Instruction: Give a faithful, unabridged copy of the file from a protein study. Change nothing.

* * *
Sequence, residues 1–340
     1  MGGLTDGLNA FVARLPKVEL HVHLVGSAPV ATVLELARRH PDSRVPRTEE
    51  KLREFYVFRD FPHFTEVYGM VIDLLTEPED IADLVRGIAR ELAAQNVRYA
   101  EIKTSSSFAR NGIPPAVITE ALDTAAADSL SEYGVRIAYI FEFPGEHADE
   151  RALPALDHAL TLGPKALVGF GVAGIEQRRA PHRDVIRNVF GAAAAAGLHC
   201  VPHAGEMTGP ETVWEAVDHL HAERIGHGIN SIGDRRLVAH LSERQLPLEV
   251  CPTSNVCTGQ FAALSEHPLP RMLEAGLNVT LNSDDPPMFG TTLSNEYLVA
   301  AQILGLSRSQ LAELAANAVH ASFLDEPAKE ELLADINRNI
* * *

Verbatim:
Sequence, residues 1–340
     1  MGGLTDGLNA FVARLPKVEL HVHLVGSAPV ATVLELARRH PDSRVPRTEE
    51  KLREFYVFRD FPHFTEVYGM VIDLLTEPED IADLVRGIAR ELAAQNVRYA
   101  EIKTSSSFAR NGIPPAVITE ALDTAAADSL SEYGVRIAYI FEFPGEHADE
   151  RALPALDHAL TLGPKALVGF GVAGIEQRRA PHRDVIRNVF GAAAAAGLHC
   201  VPHAGEMTGP ETVWEAVDHL HAERIGHGIN SIGDRRLVAH LSERQLPLEV
   251  CPTSNVCTGQ FAALSEHPLP RMLEAGLNVT LNSDDPPMFG TTLSNEYLVA
   301  AQILGLSRSQ LAELAANAVH ASFLDEPAKE ELLADINRNI